SOME THOUGHTS ON NETFLIX'S "UNFORTUNATE EVENTS"
I try to only talk about shows and films that I really enjoyed here in the newsletter, to make it more about recommendations than just reviews. But I feel compelled to share a few thoughts about Netflix's new adaptation of the popular book series "Lemony Snicket's A Series of Unfortunate Events," if only because it's so high profile.
There is a lot of funny writing and wordplay in the show (clearly most of it adapted from the books), and the sets and designs are beautiful. It all looks like it cost a fortune. As well, star/producer Neil Patrick Harris is really giving it his all as the cartoonishly flamboyant, gleefully villainous master of disguise Count Olaf. It's hard to HATE the show, necessarily.
But there's also a real sameness to every beat and every episode. Writer Daniel Handler (who also wrote the books under the nom de plume "Lemony Snicket") is clearly very enamored of the same basic comic set-up, and returns to it repeatedly, in each episode.
The 3 Baudelaire orphans are dazzlingly brilliant and wise, but are surrounded by idiotic, oafish adults who regrettably control their destiny. So each scene finds the kids rolling their eye or looking quizzically at a grown person who is acting ridiculous and making no sense. Count Olaf makes up an insane, obvious lie, dumb adults completely buy it and refuse to listen to reason, the kids are saved through pluck and cleverness at the last moment, rinse, repeat.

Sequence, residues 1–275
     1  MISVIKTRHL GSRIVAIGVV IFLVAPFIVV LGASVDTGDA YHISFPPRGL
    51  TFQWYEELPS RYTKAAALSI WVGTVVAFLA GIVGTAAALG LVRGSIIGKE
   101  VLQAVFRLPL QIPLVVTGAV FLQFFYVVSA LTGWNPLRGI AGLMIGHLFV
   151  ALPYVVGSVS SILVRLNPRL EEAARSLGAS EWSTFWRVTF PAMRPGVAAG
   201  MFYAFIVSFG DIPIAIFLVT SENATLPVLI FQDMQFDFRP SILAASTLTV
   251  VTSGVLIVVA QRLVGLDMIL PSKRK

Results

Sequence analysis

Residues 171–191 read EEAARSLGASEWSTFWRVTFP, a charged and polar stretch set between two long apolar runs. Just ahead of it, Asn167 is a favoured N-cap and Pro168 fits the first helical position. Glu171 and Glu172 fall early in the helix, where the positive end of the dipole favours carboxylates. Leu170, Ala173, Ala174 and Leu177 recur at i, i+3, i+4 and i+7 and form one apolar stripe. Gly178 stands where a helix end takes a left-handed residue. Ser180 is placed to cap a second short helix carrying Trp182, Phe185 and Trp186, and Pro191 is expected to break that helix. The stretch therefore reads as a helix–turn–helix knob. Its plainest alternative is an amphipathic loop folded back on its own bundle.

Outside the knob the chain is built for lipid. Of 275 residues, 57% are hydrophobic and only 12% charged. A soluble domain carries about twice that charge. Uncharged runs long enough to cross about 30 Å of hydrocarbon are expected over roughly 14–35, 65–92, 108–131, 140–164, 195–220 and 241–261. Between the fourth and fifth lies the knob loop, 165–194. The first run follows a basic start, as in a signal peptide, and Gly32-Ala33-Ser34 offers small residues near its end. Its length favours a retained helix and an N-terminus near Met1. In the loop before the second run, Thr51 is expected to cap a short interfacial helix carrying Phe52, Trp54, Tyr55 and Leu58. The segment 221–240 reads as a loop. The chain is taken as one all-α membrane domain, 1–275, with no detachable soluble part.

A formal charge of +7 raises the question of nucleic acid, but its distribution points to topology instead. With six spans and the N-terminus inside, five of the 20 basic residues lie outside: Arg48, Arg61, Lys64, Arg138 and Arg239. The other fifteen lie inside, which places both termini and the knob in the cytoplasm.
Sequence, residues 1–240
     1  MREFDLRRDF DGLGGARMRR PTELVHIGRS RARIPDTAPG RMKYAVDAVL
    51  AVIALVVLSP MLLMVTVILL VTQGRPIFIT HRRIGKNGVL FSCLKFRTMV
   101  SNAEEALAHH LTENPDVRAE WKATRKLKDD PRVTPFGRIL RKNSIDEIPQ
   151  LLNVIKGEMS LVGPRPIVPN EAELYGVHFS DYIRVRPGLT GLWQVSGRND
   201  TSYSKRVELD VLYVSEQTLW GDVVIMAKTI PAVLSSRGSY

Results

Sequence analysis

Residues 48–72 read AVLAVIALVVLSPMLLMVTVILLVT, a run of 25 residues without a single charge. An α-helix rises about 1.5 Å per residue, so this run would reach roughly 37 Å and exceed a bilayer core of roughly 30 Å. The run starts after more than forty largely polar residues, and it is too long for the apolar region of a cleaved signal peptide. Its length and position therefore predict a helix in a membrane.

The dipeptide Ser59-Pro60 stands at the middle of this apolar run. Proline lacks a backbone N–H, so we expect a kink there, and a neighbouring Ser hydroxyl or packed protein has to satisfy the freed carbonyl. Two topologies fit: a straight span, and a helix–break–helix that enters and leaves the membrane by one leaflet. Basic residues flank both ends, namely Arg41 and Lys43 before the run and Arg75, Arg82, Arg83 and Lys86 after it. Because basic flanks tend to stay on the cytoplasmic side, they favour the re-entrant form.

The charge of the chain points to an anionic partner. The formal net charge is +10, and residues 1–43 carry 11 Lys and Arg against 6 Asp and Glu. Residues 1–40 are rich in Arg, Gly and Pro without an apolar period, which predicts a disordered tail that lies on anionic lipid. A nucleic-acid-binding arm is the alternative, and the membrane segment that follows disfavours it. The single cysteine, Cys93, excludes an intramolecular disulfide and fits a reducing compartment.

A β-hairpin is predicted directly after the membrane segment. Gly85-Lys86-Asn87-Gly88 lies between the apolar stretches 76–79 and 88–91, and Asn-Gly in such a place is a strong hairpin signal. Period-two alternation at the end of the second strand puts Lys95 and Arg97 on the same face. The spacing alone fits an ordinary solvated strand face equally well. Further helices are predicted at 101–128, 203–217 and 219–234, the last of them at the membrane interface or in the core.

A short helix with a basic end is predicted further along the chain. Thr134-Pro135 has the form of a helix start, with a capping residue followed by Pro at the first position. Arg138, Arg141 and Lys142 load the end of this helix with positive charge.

We hit this beat over and over and over again, episode after episode. The whole show is just constrained under the weight of having to repeat this formula constantly. There are no surprises, and it's honestly hard to feel any concern for the characters and their well-being, because they rarely get to actually make choices or have real, human reactions.
The show also has a lot of mythology and an overarching mystery about what happened to the Baudelaire parents and what connection they have to Count Olaf, but there aren't really any clues and there's no investigation. The show's too cartoonish to genuinely invest in a mystery, too fixated on the goofy cat-and-mouse games and the silly costumes to spend time worldbuilding.
It's a shame because it's such a lavish production, but I genuinely can't recommend the show.